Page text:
This movement almost has a kind of Hungarian feel to it.

And pizzicato! Yes, pizzicato, my old friend. Toward the end of Movement I, as things are really syncopated and dynamic, the violin plays a bit of pizzicato as the counterpoint to the piano’s dynamics. It’s particularly arresting. It happens around the 10:45 mark in the piece.

I have to say, this movement, from this Piano Sonata, could very well be one of my favorite pieces from Beethoven. This is tremendously compelling music.

The above YouTube clip is not from this morning’s listening. Featured on that clip are violinist Itzhak Perlman and pianist Vladimir Ashkenazy. The recording on the YouTube clip is from 1973. It’s a fine recording, and they are fine musicians. But, truth be told, I prefer the dynamics of Kristof and Klara for this piece.

By the way, in the YouTube clip, my favorite part comes around the 9:25 mark.

It’s time to let my fingers do the walking into Google Land for a moment. I need to find out more about Piano Sonata No. 9 in A Op. 47 “Kreutzer.”

Ahh, and so I discover what Continue reading

Day 227: Violin Sonatas II

BeethovenCD32Two violin sonatas await the lucky listener on today’s CD:

Violin Sonata No. 4 in A Minor Op. 23 (composed 1800-1801; Beethoven was 30-31)

Violin Sonata No. 5 in F Op. 24 “Spring” (composed 1801; Beethoven was 31)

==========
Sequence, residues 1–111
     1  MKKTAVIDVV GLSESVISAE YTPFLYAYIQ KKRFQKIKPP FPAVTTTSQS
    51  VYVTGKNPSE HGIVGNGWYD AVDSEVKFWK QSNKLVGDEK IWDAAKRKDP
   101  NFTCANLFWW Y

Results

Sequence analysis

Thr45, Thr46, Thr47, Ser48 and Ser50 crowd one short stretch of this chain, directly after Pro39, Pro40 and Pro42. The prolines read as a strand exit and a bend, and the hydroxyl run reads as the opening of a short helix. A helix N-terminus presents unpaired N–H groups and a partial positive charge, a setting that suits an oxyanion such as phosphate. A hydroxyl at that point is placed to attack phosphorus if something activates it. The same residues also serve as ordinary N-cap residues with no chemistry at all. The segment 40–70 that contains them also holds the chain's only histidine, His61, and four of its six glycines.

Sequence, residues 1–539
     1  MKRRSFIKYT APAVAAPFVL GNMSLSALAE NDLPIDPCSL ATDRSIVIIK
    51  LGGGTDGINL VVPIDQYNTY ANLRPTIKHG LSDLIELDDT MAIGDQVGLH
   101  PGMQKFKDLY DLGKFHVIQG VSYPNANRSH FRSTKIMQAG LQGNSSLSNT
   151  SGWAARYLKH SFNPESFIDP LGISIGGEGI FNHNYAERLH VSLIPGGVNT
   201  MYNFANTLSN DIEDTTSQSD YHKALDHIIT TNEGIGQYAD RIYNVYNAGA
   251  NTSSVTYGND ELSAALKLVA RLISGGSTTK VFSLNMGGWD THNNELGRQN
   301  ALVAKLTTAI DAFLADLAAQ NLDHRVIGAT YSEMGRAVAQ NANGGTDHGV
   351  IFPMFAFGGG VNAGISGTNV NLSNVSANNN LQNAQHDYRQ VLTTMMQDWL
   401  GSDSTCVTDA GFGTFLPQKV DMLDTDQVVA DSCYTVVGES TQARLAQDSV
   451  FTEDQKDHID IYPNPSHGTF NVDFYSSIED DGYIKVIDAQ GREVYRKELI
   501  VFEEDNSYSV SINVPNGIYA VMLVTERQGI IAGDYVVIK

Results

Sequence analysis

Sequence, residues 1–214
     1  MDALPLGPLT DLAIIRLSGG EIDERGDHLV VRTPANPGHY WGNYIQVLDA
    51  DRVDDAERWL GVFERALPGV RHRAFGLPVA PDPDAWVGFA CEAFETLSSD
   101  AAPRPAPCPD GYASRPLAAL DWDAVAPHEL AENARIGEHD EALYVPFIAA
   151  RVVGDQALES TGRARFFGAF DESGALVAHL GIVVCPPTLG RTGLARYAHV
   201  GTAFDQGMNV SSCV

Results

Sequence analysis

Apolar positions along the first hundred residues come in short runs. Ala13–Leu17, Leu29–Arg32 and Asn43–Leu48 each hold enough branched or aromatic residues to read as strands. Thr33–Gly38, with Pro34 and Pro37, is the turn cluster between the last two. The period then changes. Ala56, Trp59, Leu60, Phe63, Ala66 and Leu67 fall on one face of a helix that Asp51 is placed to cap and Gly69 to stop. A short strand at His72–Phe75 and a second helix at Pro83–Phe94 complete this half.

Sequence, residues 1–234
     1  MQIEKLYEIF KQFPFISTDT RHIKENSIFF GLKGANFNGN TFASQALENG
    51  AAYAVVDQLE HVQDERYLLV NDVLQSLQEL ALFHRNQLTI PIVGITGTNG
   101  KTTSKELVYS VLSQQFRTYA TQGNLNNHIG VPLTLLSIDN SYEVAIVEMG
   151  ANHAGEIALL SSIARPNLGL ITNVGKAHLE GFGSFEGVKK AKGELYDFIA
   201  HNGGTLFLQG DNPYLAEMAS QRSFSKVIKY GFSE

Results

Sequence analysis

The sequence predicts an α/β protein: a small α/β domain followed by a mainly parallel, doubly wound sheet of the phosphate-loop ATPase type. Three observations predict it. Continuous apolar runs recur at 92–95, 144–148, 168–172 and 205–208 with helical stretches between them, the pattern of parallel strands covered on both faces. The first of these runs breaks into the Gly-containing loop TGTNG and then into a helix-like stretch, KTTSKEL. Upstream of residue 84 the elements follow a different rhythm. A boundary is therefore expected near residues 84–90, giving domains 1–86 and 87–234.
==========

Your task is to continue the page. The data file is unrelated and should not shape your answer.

Both are performed eloquently by Kristof Barati on violin and Klara Wurtz on piano.

I should have looked up Klara Wurtz sooner because what I found out about her is interesting:

Klára Würtz (Budapest, 1965) is a Hungarian pianist. She is married to the Dutch label manager Pieter Shop Brilliant Classics, and since 1996 living in Amsterdam. Würtz teaches at the Utrecht Conservatory.

Her career has ups and downs; periods of action are interspersed with silences. After the birth of her daughter (2004), it may not play because of tendinitis in her hands for a year. But according to her is not her ambition to “a toppianiste” to be., As they say themselves,

Her many musical recordings covering mainly the Classical and Romantic period: Mozart , Beethoven , Brahms , Schubert, Schumann, Tchaikovsky.

That was translated using Google translations for the Wikipedia article. So it’s not precise in its wording. But I think we get the gist of it.

What I found most interesting is that she’s married to the man who manages Brilliant Classics, the record label on which this recording resides.

In the Classical music world, two labels used to rule Continue reading

Day 226: Violin Sonatas I

BeethovenCD31Today’s CD represents a very nice change of pace from the previous series of Piano Trios and Cello Sonatas.

Musicians are:

Kristof Barati violin
Klara Wurtz piano

They are exceptional, and an inspired pairing.

Compositions are:

Violin Sonata No. 1 in D Op. 12 No. 1 (composed 1797-1798; Beethoven was 27 or 28)

Violin Sonata No. 2 in A Op. 12 No. 2 (composed 1797-1798; Beethoven was 27 or 28)

Violin Sonata No. 3 in E Flat Op. 12 No. 3 (composed 1797-1798; Beethoven was 27 or 28)

This is entertaining, compelling, lively music…and soulful, pensive, melancholy music.

In short, Beethoven’s violin sonatas are perfect for whatever mood you’re in.